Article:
Amnesty International warned on Wednesday that the executions of 12 Saudi Shi’ite Muslim prisoners could be imminent, after they were sent to a secretive state security body that reports directly to the king, Reuters reported.
The men, who were sentenced to death in 2016 after being convicted of spying in a mass trial, have been transferred to the Presidency of State Security, the human rights group said.
They could be executed once the king ratifies their sentences.
“The families of the men are terrified by this development and the lack of information provided to them on the status of the cases of their loved ones,” said Heba Morayef, Amnesty’s Middle East and North Africa director.
“Given the secrecy surrounding Saudi Arabia’s judicial proceedings, we fear that this development signals the imminent execution of the 12 men.”
The Saudi government’s communications office could not be reached for comment on the cases.
Riyadh’s human rights record has been in the spotlight since the murder of Saudi journalist Jamal Khashoggi at its Istanbul consulate last month.
A Saudi delegation on Monday heard calls from Western countries at the U.N. Human Rights Council in Geneva for the kingdom to abolish the death penalty.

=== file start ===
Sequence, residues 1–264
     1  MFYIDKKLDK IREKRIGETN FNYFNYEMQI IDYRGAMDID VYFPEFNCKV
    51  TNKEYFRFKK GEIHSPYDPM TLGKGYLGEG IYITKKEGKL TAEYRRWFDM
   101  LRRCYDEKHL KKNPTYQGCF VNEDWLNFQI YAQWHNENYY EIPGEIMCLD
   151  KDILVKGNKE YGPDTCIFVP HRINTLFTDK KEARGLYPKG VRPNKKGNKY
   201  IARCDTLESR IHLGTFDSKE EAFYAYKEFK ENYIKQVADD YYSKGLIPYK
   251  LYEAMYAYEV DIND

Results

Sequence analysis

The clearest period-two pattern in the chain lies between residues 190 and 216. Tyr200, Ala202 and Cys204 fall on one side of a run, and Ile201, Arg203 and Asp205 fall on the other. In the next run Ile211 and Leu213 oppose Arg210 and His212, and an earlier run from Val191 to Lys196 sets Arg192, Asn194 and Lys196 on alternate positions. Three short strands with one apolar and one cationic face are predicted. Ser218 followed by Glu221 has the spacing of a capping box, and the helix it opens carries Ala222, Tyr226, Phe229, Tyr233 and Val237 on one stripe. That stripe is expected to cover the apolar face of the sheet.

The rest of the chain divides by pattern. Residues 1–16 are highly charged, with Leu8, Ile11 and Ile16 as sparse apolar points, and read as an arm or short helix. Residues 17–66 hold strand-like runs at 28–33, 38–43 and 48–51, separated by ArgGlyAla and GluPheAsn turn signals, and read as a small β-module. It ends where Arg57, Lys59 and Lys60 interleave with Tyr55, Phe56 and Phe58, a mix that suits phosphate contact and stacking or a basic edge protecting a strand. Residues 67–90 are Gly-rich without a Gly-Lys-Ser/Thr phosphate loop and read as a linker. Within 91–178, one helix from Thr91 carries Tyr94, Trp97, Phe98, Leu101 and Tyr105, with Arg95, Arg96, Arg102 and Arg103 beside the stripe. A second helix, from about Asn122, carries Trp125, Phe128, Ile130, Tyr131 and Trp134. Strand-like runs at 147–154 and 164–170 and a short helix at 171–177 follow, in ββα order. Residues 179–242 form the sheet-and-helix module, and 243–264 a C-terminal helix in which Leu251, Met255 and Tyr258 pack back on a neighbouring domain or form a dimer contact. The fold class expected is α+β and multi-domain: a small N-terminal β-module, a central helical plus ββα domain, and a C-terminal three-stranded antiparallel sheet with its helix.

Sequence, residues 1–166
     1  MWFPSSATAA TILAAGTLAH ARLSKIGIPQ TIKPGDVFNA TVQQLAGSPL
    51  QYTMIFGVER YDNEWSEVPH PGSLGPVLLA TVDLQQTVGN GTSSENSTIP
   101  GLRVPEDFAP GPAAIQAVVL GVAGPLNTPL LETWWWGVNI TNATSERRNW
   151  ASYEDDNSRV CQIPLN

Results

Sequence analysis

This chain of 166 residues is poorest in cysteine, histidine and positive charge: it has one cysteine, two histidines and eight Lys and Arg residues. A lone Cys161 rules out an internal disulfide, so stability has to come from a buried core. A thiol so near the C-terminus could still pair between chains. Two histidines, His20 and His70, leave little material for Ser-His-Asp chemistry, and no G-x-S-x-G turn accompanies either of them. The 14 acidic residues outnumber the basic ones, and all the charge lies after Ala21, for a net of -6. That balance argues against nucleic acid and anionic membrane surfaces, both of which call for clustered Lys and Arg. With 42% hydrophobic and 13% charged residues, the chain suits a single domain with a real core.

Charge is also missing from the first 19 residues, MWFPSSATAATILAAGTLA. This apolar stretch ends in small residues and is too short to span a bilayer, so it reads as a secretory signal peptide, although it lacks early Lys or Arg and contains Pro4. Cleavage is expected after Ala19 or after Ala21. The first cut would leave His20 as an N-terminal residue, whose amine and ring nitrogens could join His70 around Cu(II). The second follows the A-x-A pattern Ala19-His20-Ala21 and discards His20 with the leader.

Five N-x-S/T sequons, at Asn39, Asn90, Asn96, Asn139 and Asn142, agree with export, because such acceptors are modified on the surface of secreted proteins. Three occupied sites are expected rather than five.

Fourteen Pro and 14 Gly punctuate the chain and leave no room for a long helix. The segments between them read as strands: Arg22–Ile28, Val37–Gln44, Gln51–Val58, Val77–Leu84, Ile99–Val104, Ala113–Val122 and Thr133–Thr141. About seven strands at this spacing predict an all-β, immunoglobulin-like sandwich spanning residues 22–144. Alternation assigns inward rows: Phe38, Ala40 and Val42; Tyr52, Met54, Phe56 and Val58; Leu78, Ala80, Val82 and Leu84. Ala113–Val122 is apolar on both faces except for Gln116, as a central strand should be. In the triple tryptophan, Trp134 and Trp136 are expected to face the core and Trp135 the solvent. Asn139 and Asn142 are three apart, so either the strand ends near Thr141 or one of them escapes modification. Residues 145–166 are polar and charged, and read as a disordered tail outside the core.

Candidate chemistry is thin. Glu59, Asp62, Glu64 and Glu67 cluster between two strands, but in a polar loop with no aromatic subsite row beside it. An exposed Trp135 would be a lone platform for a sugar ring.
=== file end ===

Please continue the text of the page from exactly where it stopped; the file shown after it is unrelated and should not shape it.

According to Amnesty, the men were sentenced to death after being convicted of spying for Iran in an unfair mass trial of 32 people arrested across Saudi Arabia in 2013 and 2014.
Shi’ites have long complained of entrenched discrimination in majority-Sunni Muslim Saudi Arabia, a charge the authorities deny, and have periodically staged mass protests in the kingdom’s eastern region where many of them live.
In January 2016, the kingdom executed prominent Shi’ite cleric Sheikh Nimr al-Nimr, one of the most vocal critics of the Al Saud royal family and a figurehead in the 2011 Arab Spring protests.
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An absolute monarchy, Saudi Arabia bans political parties and public forms of protest and has sentenced members of a civil rights organization who campaigned for a constitutional monarchy to decades in prison.
Dozens of intellectuals and clerics have been detained since last year in a crackdown on dissent, including a prominent economist since charged with joining a terrorist organization and meeting with foreign diplomats.
Women’s rights activists were arrested in May, just before the lifting of a ban on women driving, and were similarly branded as traitors and “agents of embassies” in state-backed media.